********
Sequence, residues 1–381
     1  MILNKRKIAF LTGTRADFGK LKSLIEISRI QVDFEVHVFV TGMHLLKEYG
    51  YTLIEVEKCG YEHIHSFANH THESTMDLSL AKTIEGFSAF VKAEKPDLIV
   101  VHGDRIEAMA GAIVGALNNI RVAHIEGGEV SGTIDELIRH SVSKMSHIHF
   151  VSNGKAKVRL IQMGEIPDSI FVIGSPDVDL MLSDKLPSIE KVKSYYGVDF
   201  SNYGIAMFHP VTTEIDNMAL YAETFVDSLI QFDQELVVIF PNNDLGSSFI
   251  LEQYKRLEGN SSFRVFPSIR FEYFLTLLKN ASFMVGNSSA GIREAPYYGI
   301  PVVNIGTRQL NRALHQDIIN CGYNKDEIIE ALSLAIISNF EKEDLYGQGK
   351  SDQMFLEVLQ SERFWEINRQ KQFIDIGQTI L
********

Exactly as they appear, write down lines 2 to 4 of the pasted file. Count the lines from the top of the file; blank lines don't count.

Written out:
     1  MILNKRKIAF LTGTRADFGK LKSLIEISRI QVDFEVHVFV TGMHLLKEYG
    51  YTLIEVEKCG YEHIHSFANH THESTMDLSL AKTIEGFSAF VKAEKPDLIV
   101  VHGDRIEAMA GAIVGALNNI RVAHIEGGEV SGTIDELIRH SVSKMSHIHF